$coded .= $cipher{$chr};

$txt .= "\ncoded = \"" . $coded . "\"\n" .
" key = \"".$cipher."\"\n".
" shift=coded.length\n".
" link=\"\"\n".
" for (i=0; i<coded.length; i++) {\n" .
" if (key.indexOf(coded.charAt(i))==-1) {\n" .
" ltr = coded.charAt(i)\n" .
" link += (ltr)\n" .
" }\n" .
" else { \n".
" ltr = (key.indexOf(coded.charAt(i))-
shift+key.length) % key.length\n".
" link += (key.charAt(ltr))\n".
" }\n".
" }\n".
"document.write(\"<a href='mailto:\"+link+\"'>\"+link+\"</a>\")\n" .
"//-"."->\n" .
"<" . "/script><noscript>N/A" .
return $txt;

This produces something like the following in the output (the variables coded and key will be different):

<script type="text/javascript" language="javascript">

coded = "fbmfiVpyp@V23@S6lJMxHvpU@bu"
key = "98UJ3q.RmbHOyjDJFknIHNIe7PfuG8td0Fl9Vp5sog2C@hYWv1N"
for (i=0; i<coded.length; i++) {
if (key.indexOf(coded.charAt(i))==-1) {
ltr = coded.charAt(i)
link += (ltr)
else {
ltr = (key.indexOf(coded.charAt(i))-shift+key.length) % key.length
link += (key.charAt(ltr))
document.write("<a href='mailto:"+link+"'>"+link+"</a>")

This is fairly unintelligble to even quite sophisticated spambots. I hope you find this function useful, it's a small evolution of really great code by the people mentioned above. I have also developed a version of this code where the number of line breaks is random and the variable names in the generated javascript are random. Out of the e-mail addresses that I've obfuscated and published to live sites, I'm informed not even a shred of spam has been received since. You have to be really paranoid to use the random variable name technique but rest assured the bots will get better, best to be prepared.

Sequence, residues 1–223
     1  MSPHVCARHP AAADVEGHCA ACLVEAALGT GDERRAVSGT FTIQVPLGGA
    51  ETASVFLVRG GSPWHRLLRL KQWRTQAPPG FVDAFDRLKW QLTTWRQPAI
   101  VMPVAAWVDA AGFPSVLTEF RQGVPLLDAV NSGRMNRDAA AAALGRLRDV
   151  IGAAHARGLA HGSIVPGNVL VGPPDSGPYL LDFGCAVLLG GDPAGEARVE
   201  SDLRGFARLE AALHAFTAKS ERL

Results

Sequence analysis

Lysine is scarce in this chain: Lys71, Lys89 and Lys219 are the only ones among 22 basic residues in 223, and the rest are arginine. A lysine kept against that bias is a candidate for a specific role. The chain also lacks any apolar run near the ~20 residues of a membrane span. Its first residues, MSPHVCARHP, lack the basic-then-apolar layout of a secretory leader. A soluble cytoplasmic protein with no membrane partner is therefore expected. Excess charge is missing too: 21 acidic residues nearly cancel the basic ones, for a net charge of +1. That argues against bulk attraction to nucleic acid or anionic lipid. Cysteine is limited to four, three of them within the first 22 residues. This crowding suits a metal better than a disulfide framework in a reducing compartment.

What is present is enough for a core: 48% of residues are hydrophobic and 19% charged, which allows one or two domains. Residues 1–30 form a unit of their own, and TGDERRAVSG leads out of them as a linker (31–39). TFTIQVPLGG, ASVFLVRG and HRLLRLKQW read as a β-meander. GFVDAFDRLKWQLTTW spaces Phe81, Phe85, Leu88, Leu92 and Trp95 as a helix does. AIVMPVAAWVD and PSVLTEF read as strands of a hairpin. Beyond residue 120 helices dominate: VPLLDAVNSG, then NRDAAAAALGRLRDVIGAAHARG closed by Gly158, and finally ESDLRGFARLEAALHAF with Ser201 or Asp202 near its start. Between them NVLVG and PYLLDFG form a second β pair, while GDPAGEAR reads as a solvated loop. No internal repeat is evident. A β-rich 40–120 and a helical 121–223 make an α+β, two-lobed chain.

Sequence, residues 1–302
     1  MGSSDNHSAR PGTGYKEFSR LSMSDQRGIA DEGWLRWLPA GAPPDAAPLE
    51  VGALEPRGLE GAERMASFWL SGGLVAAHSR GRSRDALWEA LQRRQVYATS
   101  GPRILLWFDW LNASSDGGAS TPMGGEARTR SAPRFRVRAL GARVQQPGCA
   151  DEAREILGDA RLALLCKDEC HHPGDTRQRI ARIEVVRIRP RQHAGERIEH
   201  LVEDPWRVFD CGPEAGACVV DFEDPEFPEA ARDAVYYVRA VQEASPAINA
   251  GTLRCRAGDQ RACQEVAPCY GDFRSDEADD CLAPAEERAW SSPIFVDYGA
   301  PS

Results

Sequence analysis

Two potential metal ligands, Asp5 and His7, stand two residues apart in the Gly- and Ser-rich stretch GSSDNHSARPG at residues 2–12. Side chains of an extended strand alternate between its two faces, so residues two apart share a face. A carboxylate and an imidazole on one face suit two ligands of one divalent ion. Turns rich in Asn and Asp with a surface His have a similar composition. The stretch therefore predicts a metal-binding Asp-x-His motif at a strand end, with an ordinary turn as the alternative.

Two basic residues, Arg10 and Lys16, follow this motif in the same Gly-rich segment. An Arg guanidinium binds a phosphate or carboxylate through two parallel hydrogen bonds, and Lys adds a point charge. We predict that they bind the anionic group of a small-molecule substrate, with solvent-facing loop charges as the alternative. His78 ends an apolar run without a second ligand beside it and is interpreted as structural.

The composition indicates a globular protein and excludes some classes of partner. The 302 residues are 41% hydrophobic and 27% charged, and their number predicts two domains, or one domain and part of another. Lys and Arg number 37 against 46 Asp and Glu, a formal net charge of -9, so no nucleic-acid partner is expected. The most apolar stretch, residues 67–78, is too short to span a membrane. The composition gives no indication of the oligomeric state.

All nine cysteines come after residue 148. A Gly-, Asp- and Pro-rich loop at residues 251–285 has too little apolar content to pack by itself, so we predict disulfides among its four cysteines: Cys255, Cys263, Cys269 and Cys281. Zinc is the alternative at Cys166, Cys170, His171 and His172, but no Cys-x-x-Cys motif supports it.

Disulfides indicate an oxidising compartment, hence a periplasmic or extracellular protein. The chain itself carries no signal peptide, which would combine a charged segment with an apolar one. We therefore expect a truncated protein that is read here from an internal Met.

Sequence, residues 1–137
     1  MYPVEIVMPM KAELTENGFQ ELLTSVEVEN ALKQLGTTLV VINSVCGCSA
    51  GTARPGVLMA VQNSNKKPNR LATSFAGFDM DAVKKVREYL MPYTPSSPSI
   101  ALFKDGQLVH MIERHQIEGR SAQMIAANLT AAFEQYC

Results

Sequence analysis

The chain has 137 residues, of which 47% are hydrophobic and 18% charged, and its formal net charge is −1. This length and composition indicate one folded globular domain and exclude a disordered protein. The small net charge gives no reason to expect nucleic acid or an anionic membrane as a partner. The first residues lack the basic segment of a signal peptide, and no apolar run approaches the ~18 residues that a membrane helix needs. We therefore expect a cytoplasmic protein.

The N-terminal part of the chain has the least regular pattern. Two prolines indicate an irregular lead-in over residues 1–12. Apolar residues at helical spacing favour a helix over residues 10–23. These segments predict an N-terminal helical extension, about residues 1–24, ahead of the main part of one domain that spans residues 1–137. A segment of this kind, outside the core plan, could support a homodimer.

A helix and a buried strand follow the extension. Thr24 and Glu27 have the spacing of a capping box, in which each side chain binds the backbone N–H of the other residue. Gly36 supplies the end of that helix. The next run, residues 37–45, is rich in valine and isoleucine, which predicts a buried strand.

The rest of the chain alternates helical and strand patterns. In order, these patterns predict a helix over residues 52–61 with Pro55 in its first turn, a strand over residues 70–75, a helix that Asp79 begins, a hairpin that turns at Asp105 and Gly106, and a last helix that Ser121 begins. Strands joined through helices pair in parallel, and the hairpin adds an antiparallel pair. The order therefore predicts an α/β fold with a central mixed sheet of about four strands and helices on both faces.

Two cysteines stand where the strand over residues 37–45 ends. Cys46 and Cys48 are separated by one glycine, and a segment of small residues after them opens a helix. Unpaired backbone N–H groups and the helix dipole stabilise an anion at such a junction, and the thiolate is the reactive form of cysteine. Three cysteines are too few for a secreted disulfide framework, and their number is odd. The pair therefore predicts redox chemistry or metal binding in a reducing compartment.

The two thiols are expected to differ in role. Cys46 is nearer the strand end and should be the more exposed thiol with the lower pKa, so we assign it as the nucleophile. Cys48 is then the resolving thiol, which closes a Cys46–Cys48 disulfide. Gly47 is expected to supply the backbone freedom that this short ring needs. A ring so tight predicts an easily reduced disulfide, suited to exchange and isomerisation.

As with all articles on Celtic Productions, this article is protected by international copyright laws. It may be linked to (we are of course most grateful of links to our articles), however, it may never be reproduced without the prior express permission of its owners, Celtic Productions. The code contained therein of course can be used freely (as long as the javascript credits remain in place).